Challenges to peace accord ‘cast shadow’ on Bosnia and Herzegovina’s progress, Security Council told

High Representative for Bosnia and Herzegovina Valentin Inzko addresses the Security Council. UN Photo/Rick Bajornas

5 May 2016 – The readiness of some political actors in Bosnia and Herzegovina to question and challenge the 1995 peace accord, including new attempts to undermine the sovereignty and authority of the State and its institutions, continues to cast a shadow over positive efforts to advance economic and social reforms, the United Nations Security Council was told today.

“Questioning and challenging the fundamentals of the peace agreement is not a formula for success,” Valentin Inzko, the High Representative for Bosnia and Herzegovina, told the Council, citing the continued policy by representatives of the ruling party in the Republika Srpska (RS), in particular, its President, to advocate for the secession of that entity from Bosnia and Herzegovina.

“I remain concerned that this party's official platform includes a threat to organize an independence referendum in 2018 if certain conditions are not met,” he said, reiterating that the peace agreement does not grant the entities the right to secede, and any attempt to change the peace agreement requires the agreement of all the parties.

Sharply divergent reactions to the recent UN tribunal’s guilty verdict against former Bosnian Serb leader over the 1995 massacre in Srebrenica highlighted the need for greater efforts towards reconciliation in Bosnia and Herzegovina, he said.

In our countries it would be unthinkable to glorify individuals convicted of committing mass atrocities

He said he was “deeply shocked” by the high-profile opening by the current Republika Srpska President of a dormitory named after Mr. Karadzic, only two days before his first instance conviction for genocide and crimes against humanity at the International Criminal Tribunal for the former Yugoslavia (ICTY) in The Hague.

“In our countries it would be unthinkable to glorify individuals convicted of committing mass atrocities,” he said. “With this act, the RS President sent an insidious message to those affected by the horror and trauma of wartime ethnic cleansing, and put himself outside the standards and morality of the civilized world.”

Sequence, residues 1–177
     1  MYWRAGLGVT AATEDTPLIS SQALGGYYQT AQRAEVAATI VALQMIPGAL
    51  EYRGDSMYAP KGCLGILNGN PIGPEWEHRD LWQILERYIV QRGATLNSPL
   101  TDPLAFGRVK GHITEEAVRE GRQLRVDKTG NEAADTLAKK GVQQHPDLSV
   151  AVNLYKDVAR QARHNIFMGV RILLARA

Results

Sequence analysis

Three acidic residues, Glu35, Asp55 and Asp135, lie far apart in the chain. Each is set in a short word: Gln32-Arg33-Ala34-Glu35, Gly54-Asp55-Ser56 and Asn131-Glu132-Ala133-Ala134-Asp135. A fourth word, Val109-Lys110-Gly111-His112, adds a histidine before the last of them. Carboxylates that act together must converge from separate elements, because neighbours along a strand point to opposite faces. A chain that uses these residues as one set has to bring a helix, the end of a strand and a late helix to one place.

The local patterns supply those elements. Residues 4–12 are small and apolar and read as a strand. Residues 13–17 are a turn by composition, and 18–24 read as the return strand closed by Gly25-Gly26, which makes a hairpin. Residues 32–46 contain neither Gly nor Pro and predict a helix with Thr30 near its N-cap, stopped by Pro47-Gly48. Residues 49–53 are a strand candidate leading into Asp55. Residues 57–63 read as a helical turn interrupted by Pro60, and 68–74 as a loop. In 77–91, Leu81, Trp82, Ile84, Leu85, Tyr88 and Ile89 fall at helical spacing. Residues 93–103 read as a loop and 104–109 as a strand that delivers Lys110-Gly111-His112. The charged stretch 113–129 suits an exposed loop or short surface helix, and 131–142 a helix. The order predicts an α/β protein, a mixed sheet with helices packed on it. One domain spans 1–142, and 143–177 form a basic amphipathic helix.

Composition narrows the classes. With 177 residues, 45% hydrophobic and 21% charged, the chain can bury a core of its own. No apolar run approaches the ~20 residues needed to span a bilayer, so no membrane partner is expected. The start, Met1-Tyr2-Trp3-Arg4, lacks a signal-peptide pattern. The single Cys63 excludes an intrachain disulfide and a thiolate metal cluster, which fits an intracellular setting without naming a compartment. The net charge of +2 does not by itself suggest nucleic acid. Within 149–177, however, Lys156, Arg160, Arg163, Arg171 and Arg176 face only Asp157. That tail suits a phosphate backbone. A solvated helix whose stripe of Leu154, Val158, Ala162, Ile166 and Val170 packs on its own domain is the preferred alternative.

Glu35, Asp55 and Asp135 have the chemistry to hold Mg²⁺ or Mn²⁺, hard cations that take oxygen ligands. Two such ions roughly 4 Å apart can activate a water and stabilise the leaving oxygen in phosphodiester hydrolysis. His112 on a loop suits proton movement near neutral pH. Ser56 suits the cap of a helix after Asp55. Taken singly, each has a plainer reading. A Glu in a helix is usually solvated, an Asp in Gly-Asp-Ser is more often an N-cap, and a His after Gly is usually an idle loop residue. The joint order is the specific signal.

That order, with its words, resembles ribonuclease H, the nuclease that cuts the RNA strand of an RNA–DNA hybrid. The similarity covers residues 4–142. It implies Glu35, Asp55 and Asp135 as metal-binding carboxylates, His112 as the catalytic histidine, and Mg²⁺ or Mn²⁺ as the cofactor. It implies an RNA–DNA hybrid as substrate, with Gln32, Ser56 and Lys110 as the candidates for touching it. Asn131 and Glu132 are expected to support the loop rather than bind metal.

Processions organized in March in Srebrenica and other municipalities to celebrate the acquittal of Serbian politician Vojislav Šešelj on war crimes charges raised fear among Bosniak returnees who are still trying to come to terms with the crimes of the past, he added.

Other direct challenges to the peace agreement included the RS government concluding in December that the entity’s institutions would cease cooperating with SIPA, a state-level police agency, over a legally authorized raid on a police station in the RS as part of a war crimes investigation.

While the RS authorities eventually resumed operational cooperation under a signed agreement, this apparent interference of politics into police work is unacceptable, he said.

On the positive side, the country submitted its membership application with the European Union. Associated with this, the authorities also took steps to implement reform, including the adoption of new labour legislation in both entities, RS and the Federation of Bosnia and Herzegovina.

Although the RS has still not officially withdrawn the referendum, it does appear to have been put aside.

Another positive factor has been the regional situation. The Serbian Prime Minister’s high-profile commitment of notable donor funds to Srebrenica had done much to foster reconciliation; and the convening of the first joint session of the Council of Ministers of Bosnia and Herzegovina and the Government of Serbia in November was a positive step forward. A similar joint session with the Croatian government has been announced.

With these mixed developments on the ground over the last six months, “it remains unclear at what point we can say Bosnia and Herzegovina is irreversibly on course for Euro-Atlantic integration,” he said.

On the security front, he said that a terrorism-inspired act carried out by a single attacker in Sarajevo on 18 November killed two soldiers of the Armed Forces of Bosnia and Herzegovina. Another concern is the participation of some citizens of Bosnia and Herzegovina in foreign conflicts, some of whom have returned and could present a threat for the future stability of the country.

Given the complex environment, he said, the presence of the EUFOR, or European Union Force, in Bosnia and Herzegovina with an executive mandate remains of vital importance, enabling his office and others in the international community to fulfil respective mandates as well as reassuring citizens from all ethnic groups throughout the country of a safe and secure environment.

On the next local elections to be held on 2 October, it is not only essential that these local elections are held to the highest standards, but now critical that local elections be held in Mostar, he said. At the moment, that will not be the case because the parties continue to fail to implement the 2010 ruling of the Constitutional Court of Bosnia and Herzegovina.

Concluding his remarks on a positive note, he reported that a few days ago, several local associations agreed to create a single karate association for the whole country. This small step required 20 years of efforts. And the day after tomorrow, the Ferhadija Mosque in Banja Luka, demolished in the war, will be reopened - an event of wider significance for reconciliation and tolerance in the region, he said.


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